Another week, another extremely serious and hitherto unknown security flaw has been discovered. This time the holes seems to be in found in the log-in tools OAuth and OpenID–which are used prominently on such extremely popular sites as Facebook, Google+, LinkedIn and Microsoft, among others.
Discovered by Wang Jing, a Ph.D. student at the Nanyang Technological University in Singapore, the “Covert Redirect” flaw allows cyber-attackers to disguise themselves as a log-in popup based on an affected site’s domain.
Users taken in by the phony log-in can have their personal data released to the attacker instead of to their intended website. The type of information taken will be whatever the phisher is looking for and can be valuable pieces of information such as name, birthdate, social security number or address among other possible fields.
Wang has attempted to report the potential issue to Facebook, which reportedly (according to CNET) told him they “understood the risks associated with OAuth 2.0,” and that “short of forcing every single application on the platform to use a whitelist,” fixing this bug was “something that can’t be accomplished in the short term.” Attempts to reach out to Microsoft ended with their assertion that the problem existed on third party domains not their own sites. Google told Wang they were tracking the situation and LinkedIN had already began creating a white list before this newest bug announcement. PayPal has already taken steps to fix the problem.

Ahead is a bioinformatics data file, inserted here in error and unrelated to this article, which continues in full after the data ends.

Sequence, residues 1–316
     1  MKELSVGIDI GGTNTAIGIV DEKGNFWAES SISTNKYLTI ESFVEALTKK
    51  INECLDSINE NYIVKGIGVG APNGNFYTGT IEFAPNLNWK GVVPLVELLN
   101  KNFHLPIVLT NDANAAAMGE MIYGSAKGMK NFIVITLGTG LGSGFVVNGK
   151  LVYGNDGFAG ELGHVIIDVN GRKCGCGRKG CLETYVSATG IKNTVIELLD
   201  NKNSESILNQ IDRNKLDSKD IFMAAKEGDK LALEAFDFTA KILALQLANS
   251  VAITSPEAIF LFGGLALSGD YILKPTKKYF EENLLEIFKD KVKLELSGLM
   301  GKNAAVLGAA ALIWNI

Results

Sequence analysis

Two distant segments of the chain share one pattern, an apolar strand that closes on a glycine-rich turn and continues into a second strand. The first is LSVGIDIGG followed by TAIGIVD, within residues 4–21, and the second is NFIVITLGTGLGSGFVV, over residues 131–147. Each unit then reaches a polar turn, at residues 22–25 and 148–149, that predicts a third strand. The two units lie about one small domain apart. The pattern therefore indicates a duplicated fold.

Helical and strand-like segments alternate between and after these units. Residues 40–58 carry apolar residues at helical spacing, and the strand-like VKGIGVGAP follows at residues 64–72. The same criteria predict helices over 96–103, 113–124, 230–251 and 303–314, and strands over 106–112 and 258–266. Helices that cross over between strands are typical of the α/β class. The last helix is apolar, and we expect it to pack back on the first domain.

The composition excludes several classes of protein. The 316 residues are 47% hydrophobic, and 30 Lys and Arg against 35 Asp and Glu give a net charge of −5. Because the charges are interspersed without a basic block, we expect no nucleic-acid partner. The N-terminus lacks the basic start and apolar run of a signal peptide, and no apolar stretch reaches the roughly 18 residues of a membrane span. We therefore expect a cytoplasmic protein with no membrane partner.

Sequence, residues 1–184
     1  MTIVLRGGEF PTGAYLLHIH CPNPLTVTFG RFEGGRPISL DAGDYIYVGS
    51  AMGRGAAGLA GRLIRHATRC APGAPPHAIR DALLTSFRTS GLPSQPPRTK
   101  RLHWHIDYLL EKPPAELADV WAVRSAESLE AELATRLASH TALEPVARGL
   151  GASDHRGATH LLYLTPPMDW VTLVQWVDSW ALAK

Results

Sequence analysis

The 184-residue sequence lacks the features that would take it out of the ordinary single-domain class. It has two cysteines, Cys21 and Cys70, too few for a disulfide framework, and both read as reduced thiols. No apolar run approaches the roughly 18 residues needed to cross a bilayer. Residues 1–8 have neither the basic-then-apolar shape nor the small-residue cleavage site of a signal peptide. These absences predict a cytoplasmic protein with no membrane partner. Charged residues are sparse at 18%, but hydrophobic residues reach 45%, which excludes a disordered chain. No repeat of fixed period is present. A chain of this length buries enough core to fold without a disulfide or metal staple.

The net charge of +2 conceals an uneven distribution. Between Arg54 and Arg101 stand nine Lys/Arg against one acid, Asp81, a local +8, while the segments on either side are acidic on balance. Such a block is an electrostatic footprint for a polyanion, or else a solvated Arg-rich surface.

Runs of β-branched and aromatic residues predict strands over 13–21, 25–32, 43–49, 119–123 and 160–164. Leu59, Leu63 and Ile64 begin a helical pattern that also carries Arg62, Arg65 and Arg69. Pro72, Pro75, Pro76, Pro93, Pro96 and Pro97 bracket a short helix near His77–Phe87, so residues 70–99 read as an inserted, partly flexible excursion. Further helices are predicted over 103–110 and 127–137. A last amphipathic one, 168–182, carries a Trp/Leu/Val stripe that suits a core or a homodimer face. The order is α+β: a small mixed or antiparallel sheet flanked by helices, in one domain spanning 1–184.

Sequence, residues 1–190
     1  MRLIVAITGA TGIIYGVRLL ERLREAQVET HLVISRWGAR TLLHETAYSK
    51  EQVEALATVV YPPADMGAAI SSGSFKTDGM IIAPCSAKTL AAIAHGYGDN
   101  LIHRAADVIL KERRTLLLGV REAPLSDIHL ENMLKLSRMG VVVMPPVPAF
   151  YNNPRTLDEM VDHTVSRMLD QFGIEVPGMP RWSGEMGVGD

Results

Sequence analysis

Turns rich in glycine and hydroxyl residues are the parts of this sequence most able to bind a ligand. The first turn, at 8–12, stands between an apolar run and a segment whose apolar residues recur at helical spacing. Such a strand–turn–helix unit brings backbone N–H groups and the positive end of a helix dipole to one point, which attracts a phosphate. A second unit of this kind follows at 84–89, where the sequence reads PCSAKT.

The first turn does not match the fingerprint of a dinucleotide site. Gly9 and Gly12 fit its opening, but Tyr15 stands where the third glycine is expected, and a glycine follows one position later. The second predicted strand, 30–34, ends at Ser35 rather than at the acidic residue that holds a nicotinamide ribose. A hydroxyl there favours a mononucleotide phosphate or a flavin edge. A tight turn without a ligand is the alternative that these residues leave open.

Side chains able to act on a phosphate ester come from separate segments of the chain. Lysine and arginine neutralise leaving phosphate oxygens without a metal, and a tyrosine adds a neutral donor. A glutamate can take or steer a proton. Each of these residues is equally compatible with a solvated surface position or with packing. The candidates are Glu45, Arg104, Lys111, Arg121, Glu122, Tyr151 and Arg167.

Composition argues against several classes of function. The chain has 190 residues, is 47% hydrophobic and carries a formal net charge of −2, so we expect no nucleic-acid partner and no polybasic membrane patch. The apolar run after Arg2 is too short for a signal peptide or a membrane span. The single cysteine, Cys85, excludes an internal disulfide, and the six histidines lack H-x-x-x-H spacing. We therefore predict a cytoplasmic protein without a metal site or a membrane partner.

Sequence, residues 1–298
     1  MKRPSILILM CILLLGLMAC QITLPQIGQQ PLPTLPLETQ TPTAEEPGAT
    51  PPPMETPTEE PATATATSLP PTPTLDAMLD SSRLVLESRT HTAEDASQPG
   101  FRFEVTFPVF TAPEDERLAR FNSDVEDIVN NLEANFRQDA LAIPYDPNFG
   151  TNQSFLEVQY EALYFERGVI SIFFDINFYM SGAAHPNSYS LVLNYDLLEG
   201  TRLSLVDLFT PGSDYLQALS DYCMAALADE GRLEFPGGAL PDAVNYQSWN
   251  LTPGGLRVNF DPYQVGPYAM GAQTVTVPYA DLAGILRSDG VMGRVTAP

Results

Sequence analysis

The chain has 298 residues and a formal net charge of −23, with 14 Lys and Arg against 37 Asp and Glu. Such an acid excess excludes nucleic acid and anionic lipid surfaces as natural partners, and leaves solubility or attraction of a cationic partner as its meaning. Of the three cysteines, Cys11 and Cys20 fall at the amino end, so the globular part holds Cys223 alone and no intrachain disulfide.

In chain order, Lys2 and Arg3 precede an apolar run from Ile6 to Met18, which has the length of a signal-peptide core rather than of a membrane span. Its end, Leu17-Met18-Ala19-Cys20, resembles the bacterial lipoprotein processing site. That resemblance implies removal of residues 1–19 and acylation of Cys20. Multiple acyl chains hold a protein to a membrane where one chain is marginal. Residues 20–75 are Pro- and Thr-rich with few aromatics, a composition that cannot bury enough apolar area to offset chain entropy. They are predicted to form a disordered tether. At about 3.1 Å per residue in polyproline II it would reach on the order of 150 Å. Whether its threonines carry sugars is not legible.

“Patching this vulnerability is easier said than done. If all the third-party applications strictly adhere to using a whitelist, then there would be no room for attacks,” Wang told CNet.”However, in the real world, a large number of third-party applications do not do this due to various reasons. This makes the systems based on OAuth 2.0 or OpenID highly vulnerable,” he added.